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Report: Test Performance Of NYC School Children Stagnant

NEW YORK (AP / WCBS 880) -- Test scores for New York City's fourth- and eighth-graders were flat between 2009 and 2011 and the racial achievement gap hardly budged between 2003 and 2011, according to figures from a national assessment of public schools released Wednesday.

WCBS 880's Rich Lamb On The Story


New York schoolchildren scored about the same as public school students in other large cities, according to the statistics from the National Assessment of Educational Progress, the so-called nation's report card.

One-third of the city's fourth-graders were proficient in math and 29 percent were proficient in reading, according to the federal Education Department's National Center for Education Statistics, which administers the test.

Among eighth-graders, 24 percent were proficient in math and 24 percent in reading.

City Schools Chancellor Dennis Walcott said the lack of progress does not cast doubt on policies that have been instituted since Mayor Michael Bloomberg won mayoral control of the school system in 2002, such as using student test scores to rate teachers and closing schools that are deemed to be failing.

"I believe in the reforms that we've put in place," Walcott said. "It just puts a greater challenge to us. ... Our goal is to improve on those reforms."

To some degree, Bloomberg shrugged off the report.

"We have done better, made significant progress back from '03. Are we where we want to be? No," said his honor on Wednesday. "I think it just goes to show education is a very difficuly problem. We're working as hard as we can. We are devoting as much money as we can."

Walcott said a city initiative to open 50 new middle schools should improve the performance of eighth-graders.

"This is not a New York City challenge, he said." This is a national challenge of middle schools ... We're willing to meet that challenge head on."

But teachers union chief Michael Mulgrew called the NAEP scores "a lesson on how kids get shortchanged by school reform driven by a political agenda rather than research and evidence." He added, "We're not going to see real and consistent improvement until the system turns its back on test prep and begins to focus on strong curriculum and real instruction."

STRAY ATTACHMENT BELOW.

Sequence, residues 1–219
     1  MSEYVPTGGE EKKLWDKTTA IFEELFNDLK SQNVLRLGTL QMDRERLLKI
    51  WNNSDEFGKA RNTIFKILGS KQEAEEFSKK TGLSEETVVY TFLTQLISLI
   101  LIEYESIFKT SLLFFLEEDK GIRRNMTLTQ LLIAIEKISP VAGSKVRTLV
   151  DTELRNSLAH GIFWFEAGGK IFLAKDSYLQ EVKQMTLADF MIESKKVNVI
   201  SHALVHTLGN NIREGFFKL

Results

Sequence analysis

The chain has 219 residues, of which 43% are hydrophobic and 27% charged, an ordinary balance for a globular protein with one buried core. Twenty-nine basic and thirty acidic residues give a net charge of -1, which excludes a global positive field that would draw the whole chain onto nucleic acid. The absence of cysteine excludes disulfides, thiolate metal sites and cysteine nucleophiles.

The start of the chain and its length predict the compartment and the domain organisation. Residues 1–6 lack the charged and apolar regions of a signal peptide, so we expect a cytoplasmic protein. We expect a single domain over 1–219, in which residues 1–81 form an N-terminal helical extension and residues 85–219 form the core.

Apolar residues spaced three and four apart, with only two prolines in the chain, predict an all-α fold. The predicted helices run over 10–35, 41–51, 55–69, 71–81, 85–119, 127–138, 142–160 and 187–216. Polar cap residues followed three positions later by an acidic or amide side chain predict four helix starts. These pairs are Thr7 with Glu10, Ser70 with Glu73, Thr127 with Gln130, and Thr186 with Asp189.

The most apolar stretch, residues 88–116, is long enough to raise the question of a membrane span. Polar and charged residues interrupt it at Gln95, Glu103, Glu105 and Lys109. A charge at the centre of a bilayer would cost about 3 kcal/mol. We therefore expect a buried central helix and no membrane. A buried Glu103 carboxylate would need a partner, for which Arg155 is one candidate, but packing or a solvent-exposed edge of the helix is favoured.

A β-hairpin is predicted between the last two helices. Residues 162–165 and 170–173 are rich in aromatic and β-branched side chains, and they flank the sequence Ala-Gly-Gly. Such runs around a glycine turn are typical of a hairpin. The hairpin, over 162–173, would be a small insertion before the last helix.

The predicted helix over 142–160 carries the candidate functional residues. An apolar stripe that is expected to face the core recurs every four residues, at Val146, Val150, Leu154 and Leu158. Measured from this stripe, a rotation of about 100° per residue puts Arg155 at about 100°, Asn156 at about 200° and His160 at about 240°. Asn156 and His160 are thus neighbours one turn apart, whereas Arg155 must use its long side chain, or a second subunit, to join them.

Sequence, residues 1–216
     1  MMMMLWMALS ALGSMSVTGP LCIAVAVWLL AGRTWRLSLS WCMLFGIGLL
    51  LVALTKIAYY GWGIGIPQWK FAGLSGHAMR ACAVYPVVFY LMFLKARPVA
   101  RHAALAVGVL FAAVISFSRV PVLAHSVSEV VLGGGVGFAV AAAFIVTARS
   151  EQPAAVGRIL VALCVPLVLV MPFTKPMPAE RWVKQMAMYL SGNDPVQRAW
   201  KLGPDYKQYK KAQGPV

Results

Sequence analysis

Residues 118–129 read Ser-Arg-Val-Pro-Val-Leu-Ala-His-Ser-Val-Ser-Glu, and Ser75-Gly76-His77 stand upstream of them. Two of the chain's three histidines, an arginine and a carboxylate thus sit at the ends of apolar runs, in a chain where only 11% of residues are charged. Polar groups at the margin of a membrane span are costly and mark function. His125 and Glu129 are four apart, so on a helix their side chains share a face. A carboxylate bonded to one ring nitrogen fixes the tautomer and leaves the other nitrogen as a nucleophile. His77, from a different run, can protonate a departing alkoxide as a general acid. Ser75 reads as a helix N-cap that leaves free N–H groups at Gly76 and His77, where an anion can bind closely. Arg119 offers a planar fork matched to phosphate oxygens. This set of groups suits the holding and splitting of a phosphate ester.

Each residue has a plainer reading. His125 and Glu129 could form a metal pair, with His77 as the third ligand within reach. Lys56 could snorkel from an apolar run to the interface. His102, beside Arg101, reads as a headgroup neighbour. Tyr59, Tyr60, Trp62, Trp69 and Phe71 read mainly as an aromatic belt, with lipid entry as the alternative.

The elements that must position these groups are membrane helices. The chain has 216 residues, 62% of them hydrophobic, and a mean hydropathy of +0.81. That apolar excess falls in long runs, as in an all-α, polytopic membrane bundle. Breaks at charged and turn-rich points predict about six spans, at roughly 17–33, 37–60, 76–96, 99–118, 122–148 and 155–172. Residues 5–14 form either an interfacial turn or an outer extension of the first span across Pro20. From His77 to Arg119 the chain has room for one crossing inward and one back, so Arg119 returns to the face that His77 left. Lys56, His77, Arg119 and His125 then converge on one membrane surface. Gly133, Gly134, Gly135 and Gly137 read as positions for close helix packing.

The national NAEP scores released last month showed that just over one-third of all public school students were proficient in reading. In math, 40 percent of the fourth-graders and 35 percent of the eighth-graders had reached that level.

The results showed how far students are from achieving the federal No Child Left Behind law's goal that every child in America be proficient in math and reading by 2014.

The scores released Wednesday were from fourth and eighth-graders in 21 large urban public school systems.

Scores in most of the urban districts changed little between 2009 and 2011.

In New York City, Bloomberg has stressed the importance of reducing the gap in test scores between white students and black and Hispanic students among the city's 1.1 million public school pupils.

But according to the NAEP results, the city's white students scored better than black and Hispanic students by margins ranging from 22 points to 31 points. Any reduction in the gap between 2003 and 2011 was not statistically significant.

Chief Academic Officer Shael Polakow-Suransky said, "We'd like to see that gap closure happen more dramatically."

Polakow-Suransky said New York City scored better than several other cities with lower percentages of students who qualify for free and reduced-price lunch, a marker of poverty.

Ninety percent of the city's fourth-graders and 87 percent of eighth-graders qualified for free or reduced price lunch. Nationally, the figures were 52 percent for fourth-graders and 48 percent for eighth-graders.

Why do you think these test results are the way they are? Sound off in our comments section below...

(TM and Copyright 2011 CBS Radio Inc. and its relevant subsidiaries. CBS RADIO and EYE Logo TM and Copyright 2011 CBS Broadcasting Inc. Used under license. All Rights Reserved. This material may not be published, broadcast, rewritten, or redistributed. The Associated Press contributed to this report.)

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